Cases reported "Tuberculosis, Pleural"

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1/23. Pseudochylothorax. Report of 2 cases and review of the literature.

    We report 2 cases of pseudochylothorax and review 172 published cases. tuberculosis is by far the most frequent cause of pseudochylothorax, accounting for 54% of all caes, with a remarkable association with previous collapse therapy and long-term effusions. The remaining etiologies, including rheumatoid arthritis, are infrequent. Tuberculous pseudochylothorax is usually sterile. Successful treatment of an acute tuberculous pleurisy does not preclude the development of long-term complications such as pseudochylothorax. We do not recommend pleural biopsy initially because of its low yield for etiologic diagnosis. Currently, adenosine deaminase (ADA) values in pleural fluid are not useful to sustain diagnosis or therapeutic decisions. We advise draining only symptomatic cases and treating patients with positive Ziehl-Neelsen stain or Lowenstein culture, and those with growing effusions of suspected tuberculous origin, with antituberculous chemotherapy. Pulmonary decortication should be the last therapeutic step for recurrent and symptomatic cases.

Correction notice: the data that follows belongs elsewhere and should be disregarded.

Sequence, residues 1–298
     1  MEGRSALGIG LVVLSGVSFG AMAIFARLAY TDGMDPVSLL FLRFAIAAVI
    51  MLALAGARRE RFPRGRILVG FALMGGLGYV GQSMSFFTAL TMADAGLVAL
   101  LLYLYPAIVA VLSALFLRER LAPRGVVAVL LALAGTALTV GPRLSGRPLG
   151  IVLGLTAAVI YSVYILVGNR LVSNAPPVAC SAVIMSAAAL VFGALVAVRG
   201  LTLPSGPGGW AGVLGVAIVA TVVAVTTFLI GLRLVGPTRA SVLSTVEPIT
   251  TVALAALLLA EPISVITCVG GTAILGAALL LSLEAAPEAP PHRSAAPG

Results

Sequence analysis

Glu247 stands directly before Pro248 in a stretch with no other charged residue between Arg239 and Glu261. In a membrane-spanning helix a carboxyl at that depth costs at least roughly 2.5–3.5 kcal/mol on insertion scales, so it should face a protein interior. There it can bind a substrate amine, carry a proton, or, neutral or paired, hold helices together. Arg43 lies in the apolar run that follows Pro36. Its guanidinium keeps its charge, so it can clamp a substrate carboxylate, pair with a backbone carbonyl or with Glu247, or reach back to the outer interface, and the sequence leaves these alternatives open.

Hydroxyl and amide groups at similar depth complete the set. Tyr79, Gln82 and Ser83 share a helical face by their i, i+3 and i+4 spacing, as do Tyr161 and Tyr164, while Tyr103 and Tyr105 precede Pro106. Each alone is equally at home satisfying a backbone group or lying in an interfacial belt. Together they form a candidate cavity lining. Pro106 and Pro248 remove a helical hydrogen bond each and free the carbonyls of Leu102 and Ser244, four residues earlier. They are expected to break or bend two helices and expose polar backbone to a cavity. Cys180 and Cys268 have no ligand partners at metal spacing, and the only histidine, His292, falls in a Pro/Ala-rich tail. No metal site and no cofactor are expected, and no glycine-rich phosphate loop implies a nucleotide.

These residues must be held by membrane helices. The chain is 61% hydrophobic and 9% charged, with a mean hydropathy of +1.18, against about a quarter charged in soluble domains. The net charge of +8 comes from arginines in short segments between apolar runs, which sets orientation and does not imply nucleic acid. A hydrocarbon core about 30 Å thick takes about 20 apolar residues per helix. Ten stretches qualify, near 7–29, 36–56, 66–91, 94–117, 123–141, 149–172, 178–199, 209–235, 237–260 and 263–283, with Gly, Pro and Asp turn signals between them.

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ranking = 1
keywords = effusion
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2/23. Mesothelial cells in tuberculous pleural effusions of hiv-infected patients.

    The scarcity of mesothelial cells is a well-known characteristic of tuberculous pleural effusions. We report three hiv-infected patients with tuberculous pleural effusions, in which mesothelial cells were found in significant numbers in the pleural fluid. Clinicians should be aware that the altered immune responses that occur in hiv-infected patients may affect the cytologic profile of tuberculous pleural effusions, and they should be cautious not to exclude this diagnosis based solely on the presence of mesothelial cells in the fluid.
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ranking = 3.5
keywords = effusion
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3/23. A 73-year-old man with chronic lymphocytic leukaemia and a haemorrhagic pleural effusion.

    A 73-year-old man presented with haemorrhagic pleural effusion, having been diagnosed with chronic lymphocytic leukaemia (CLL). The differential diagnosis of haemorrhagic pleural effusion is considered. tuberculosis and pleural infiltration of CLL are considered most likely. Pleural biopsy confirms the diagnosis of pleural involvement of CLL in this case. Although pleural involvement of CLL has been reported several times the presentation of pleural effusion as the first symptom of CLL has not previously been described.
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ranking = 3.5
keywords = effusion
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4/23. Multiple pleural nodules without effusion--a rare presentation of tuberculous pleurisy.